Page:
Friday, January 13, 2017 at 6:49 AM

Obama Ends Discriminatory ‘Wet Foot, Dry Foot’ Cuba Policy

Posted by Anthony L. Hall

I’ve been decrying this policy for twenty years; not least because:

[It] stipulates that seafaring Cuban refugees who make it to U.S. shores must be assimilated, unconditionally; whereas seafaring Haitian refugees (fleeing even greater persecution and privations) who make it must be repatriated, summarily.

(“Compassion Fatigue for Haitian Migrants,” The iPINIONS Journal, July 31, 2009)

I’ve been denouncing former President Bill Clinton just as long for devising it only to pander to Miami Cubans and their paradise-lost presumptions. After all, this policy was not only discriminatory in its application, but also racist in its impact.

This is why I called on President Obama (in the commentary quoted above, just six months into his presidency) to either apply this policy to Haitians too … or end it:

President Obama must reconcile [America’s] unfulfilled obligations [to foster sustainable development in Haiti] with the moral imperative to reform U.S. immigration laws to give Haitians the same protected status Cuban migrants have always enjoyed.

Incidentally, I called on him to do this in the above-quoted commentary, which I wrote just six months into his presidency.

I fully understood, of course, that applying the “wet foot, dry foot” policy to Haitians would have invited sympathetic calls to apply it to others in the region, making the policy prohibitive.

I was also mindful that the politics of implementing any change in policy towards Cuba precluded Obama doing so during his first term; hence my commentary, “Fifth Summit of the Americas: Managing Expectations,” April 17, 2009, which included this prescient note just three months into his presidency:

I am convinced that, if re-elected, Obama will seal his legacy by normalizing relations with Cuba.

Sure enough, once re-elected Obama did just that:

One bitter holdover of the Cold War slipped into the history books at 12:01 a.m. Monday, when the United States and Cuba re-established diplomatic relations. For the first time since severing ties in 1961, they reopened embassies in each other’s capitals.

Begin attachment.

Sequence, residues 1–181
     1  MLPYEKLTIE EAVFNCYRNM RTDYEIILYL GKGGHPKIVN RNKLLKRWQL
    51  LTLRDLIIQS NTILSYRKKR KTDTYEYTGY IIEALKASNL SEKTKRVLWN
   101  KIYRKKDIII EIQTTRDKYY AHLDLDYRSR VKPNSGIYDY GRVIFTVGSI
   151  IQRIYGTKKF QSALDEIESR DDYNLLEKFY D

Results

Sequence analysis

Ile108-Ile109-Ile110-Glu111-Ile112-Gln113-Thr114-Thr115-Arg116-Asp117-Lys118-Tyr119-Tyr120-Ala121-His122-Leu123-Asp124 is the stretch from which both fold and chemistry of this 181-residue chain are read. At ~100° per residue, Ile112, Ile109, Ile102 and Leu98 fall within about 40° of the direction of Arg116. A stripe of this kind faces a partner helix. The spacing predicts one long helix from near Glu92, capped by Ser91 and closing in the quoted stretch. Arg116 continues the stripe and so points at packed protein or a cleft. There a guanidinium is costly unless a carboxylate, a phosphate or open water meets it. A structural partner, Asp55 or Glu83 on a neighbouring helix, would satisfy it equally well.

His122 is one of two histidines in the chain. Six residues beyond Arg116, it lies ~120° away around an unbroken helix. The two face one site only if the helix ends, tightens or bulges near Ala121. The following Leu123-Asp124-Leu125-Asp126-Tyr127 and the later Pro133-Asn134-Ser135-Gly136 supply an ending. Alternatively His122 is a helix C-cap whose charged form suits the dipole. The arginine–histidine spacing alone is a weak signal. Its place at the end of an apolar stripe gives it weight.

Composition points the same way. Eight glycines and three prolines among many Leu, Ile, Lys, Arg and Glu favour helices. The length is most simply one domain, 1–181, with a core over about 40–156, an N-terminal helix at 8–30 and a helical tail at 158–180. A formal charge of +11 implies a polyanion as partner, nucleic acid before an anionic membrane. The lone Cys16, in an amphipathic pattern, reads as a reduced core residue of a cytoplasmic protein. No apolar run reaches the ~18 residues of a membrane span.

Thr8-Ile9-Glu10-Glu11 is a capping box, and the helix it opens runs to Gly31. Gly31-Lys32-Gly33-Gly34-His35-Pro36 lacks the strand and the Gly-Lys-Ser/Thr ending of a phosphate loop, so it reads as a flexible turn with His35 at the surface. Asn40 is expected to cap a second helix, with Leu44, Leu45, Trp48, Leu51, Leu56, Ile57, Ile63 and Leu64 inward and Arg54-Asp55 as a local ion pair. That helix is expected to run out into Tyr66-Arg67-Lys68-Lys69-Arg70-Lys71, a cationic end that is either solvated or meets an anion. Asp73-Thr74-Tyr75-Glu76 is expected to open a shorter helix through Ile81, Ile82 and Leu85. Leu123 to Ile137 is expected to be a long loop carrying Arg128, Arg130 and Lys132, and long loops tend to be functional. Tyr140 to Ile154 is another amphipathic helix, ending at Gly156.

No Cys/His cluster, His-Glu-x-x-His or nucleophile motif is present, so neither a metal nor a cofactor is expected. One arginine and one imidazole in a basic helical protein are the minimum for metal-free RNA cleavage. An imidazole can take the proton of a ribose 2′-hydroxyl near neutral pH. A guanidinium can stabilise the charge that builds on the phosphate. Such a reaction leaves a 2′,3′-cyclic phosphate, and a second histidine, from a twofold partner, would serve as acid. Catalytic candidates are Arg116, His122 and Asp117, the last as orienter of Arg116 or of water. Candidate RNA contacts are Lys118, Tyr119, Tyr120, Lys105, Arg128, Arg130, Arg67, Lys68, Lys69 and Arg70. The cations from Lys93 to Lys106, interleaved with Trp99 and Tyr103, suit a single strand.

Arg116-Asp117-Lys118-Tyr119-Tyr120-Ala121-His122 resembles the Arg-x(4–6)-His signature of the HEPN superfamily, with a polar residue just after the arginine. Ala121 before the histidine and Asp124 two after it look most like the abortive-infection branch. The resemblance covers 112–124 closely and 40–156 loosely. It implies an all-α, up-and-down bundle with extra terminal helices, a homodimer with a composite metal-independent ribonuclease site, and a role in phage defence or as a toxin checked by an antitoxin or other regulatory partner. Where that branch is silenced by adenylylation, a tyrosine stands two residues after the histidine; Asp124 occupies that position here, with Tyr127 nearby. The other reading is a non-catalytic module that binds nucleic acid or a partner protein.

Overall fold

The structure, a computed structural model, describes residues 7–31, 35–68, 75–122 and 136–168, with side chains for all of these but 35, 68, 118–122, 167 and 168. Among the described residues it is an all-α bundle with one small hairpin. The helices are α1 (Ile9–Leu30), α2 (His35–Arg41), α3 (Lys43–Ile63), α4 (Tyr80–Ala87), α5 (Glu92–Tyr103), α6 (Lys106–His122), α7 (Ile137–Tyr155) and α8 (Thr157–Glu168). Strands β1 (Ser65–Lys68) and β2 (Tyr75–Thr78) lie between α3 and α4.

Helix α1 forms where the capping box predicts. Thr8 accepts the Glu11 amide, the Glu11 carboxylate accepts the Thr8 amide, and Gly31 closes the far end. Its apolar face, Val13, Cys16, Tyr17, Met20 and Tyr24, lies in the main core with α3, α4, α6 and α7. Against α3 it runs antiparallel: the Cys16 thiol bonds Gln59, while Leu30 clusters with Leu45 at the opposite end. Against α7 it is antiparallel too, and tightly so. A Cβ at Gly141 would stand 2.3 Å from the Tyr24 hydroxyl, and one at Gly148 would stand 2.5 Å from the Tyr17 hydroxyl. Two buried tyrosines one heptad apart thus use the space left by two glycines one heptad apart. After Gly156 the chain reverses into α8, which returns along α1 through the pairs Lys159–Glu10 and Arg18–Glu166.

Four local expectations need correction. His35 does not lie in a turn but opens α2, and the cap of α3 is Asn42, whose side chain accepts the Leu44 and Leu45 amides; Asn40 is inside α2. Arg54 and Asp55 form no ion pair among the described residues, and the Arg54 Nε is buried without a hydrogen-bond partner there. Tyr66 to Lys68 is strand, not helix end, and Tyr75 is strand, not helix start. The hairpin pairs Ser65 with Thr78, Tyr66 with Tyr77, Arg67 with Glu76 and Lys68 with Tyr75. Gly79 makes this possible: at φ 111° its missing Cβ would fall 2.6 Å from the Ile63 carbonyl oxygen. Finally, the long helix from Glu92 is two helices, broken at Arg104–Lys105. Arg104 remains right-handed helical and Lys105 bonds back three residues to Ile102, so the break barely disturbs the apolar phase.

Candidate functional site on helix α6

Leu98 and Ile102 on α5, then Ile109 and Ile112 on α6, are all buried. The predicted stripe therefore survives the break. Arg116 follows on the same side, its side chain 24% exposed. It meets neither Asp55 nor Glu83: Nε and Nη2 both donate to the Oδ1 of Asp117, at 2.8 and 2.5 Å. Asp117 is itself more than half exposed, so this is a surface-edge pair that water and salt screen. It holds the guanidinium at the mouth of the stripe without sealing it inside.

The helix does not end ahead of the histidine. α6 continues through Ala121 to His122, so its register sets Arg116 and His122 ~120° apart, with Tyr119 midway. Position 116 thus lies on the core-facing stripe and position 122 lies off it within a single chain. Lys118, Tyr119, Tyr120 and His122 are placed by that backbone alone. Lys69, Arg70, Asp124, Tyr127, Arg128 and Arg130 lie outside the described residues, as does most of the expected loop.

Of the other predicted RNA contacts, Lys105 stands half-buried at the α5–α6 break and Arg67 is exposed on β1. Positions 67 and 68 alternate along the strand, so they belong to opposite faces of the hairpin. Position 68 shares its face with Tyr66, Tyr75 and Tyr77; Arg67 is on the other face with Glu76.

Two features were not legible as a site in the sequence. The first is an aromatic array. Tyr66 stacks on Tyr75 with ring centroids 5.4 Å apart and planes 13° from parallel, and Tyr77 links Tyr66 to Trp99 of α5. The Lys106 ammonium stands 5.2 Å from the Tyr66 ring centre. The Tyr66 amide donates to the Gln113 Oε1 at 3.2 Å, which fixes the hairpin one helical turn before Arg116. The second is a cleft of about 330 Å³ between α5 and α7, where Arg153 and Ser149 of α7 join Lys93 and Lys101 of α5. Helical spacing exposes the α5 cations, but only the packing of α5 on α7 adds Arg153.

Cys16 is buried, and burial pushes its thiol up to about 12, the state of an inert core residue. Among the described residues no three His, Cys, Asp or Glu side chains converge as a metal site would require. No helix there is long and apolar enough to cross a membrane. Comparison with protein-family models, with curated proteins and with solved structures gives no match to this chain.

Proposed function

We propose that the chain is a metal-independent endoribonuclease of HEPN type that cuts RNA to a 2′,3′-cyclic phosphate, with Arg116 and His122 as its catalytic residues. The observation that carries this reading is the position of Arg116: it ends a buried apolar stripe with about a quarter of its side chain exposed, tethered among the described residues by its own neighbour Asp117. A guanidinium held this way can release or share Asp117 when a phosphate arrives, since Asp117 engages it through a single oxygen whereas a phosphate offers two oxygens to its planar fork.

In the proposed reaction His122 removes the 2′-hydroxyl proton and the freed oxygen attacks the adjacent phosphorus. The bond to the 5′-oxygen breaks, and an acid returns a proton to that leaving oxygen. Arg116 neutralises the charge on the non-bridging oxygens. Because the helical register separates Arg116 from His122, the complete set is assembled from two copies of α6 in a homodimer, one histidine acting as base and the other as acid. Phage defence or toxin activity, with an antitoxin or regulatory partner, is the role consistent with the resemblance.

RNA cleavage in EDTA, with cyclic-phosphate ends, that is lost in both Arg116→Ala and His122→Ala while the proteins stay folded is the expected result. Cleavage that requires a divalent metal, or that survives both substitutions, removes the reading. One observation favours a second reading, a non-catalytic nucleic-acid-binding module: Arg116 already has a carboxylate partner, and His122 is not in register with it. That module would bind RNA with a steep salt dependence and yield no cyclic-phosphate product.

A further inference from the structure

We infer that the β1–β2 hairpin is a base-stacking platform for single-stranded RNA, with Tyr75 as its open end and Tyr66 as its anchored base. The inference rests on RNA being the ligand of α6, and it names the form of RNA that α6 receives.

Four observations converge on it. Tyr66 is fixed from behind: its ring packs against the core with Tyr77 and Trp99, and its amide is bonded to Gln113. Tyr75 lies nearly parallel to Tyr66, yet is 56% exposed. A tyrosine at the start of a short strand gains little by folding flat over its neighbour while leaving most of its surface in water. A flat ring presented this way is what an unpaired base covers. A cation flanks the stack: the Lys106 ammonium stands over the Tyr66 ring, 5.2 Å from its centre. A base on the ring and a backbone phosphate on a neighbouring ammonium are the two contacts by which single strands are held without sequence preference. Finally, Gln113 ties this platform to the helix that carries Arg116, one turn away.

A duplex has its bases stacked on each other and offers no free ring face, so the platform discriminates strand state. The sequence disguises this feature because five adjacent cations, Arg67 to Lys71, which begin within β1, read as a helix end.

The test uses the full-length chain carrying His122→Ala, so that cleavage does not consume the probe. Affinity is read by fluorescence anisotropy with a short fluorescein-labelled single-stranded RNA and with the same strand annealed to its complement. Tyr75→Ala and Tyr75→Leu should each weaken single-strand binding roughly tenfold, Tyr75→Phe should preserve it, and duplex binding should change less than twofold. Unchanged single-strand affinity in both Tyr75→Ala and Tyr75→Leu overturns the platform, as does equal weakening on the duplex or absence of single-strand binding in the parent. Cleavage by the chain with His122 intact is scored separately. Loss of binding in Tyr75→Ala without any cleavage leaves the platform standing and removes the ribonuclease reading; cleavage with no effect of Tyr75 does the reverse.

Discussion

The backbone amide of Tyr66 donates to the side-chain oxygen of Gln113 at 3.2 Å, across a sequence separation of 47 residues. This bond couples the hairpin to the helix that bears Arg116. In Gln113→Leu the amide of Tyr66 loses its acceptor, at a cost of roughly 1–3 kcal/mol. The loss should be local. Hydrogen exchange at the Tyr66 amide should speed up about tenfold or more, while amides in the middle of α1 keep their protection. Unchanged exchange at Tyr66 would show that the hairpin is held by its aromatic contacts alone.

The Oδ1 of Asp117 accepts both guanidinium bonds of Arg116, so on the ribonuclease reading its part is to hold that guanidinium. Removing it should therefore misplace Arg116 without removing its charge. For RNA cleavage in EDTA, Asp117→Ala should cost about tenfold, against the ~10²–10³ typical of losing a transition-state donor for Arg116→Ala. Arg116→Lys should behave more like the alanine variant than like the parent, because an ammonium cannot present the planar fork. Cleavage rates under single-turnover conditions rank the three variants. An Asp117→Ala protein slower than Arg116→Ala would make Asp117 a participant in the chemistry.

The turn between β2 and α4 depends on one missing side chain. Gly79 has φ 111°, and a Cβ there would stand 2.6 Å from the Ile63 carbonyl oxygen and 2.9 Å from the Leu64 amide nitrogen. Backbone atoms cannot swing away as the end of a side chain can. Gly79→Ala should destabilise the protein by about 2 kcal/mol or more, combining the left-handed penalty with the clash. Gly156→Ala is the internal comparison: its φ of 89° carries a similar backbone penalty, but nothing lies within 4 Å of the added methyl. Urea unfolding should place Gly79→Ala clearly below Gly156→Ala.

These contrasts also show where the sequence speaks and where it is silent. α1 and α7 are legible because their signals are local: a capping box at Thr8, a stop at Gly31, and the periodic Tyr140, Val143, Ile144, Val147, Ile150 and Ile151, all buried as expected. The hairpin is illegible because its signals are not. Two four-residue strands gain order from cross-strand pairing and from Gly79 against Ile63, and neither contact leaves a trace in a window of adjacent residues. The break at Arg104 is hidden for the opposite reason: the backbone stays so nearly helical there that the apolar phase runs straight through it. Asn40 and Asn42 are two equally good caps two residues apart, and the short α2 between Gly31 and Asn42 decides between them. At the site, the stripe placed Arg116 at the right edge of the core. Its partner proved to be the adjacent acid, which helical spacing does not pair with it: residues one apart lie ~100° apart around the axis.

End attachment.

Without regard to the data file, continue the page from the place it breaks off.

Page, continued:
Cuban Foreign Minister Bruno Rodriguez Parrilla traveled to the Cuban Embassy in Washington to raise his country’s flag, an event that Cuban government officials said would be broadcast live on the island’s state-run TV.

(CNN, July 20, 2015)

But, even though convinced that, if re-elected, Obama would end the “wet foot, dry foot” policy as well, I never thought he’d wait until the last week of his presidency to do so.

President Obama, in one of his last foreign policy initiatives, will lift the “wet-foot, dry-foot” policy that has allowed Cubans reaching U.S. soil to stay and receive American residency, while sending home those intercepted at sea, according to U.S. officials.

The policy, put in place by the Clinton administration in 1996, altered the long-standing special immigration status of Cubans in place since the 1960s that had sent hundreds of thousands across the Florida Straits, often in leaky boats or homemade rafts.

(Washington Post, January 12, 2017)

But, hey, better late than never!

That said, Donald Trump will have the authority to reinstate this policy on day one of his presidency – a week from today in fact. And it might seem a certainty given his pledge to “terminate the deal” Obama struck to normalize relations with Cuba.

But, like his pledge to terminate the deal Obama struck to halt Iran’s nuclear program, it will prove far easier said than done. Remember his pledge to ban all Muslims…? Well, that has already been broken to resemble little more than the “extreme vetting” the Obama administration has had in place for years.

Frankly, the juxtaposition of building a wall to keep Mexicans out and reinstating a policy to invite Cubans in might prove too contradictory … even for Trump. For there’s no denying that the impact of this policy reversal will be a halt in the kind of illegal immigration from Cuba Trump wants to halt from Mexico.

Not to mention that, thanks to Obama normalizing relations, Miami Cubans now seem far more interested in traveling to Cuba than in having Cubans escape to Miami. For them, this “wet foot, dry foot” policy is hardly the sacred cow it was twenty (or even eight) years ago.

Related commentaries:
Compassion fatigue
Fifth Summit
Obama normalizing relations….

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